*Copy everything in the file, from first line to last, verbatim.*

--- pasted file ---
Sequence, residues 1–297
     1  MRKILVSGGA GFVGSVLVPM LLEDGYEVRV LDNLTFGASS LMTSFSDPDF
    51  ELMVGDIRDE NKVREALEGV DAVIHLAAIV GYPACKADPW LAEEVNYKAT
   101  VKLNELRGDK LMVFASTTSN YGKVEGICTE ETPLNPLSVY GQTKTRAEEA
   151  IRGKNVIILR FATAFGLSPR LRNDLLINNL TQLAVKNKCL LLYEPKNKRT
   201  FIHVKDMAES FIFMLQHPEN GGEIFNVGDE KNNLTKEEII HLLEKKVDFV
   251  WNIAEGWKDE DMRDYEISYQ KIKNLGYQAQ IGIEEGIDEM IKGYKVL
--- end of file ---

Sequence, residues 1–297
     1  MRKILVSGGA GFVGSVLVPM LLEDGYEVRV LDNLTFGASS LMTSFSDPDF
    51  ELMVGDIRDE NKVREALEGV DAVIHLAAIV GYPACKADPW LAEEVNYKAT
   101  VKLNELRGDK LMVFASTTSN YGKVEGICTE ETPLNPLSVY GQTKTRAEEA
   151  IRGKNVIILR FATAFGLSPR LRNDLLINNL TQLAVKNKCL LLYEPKNKRT
   201  FIHVKDMAES FIFMLQHPEN GGEIFNVGDE KNNLTKEEII HLLEKKVDFV
   251  WNIAEGWKDE DMRDYEISYQ KIKNLGYQAQ IGIEEGIDEM IKGYKVL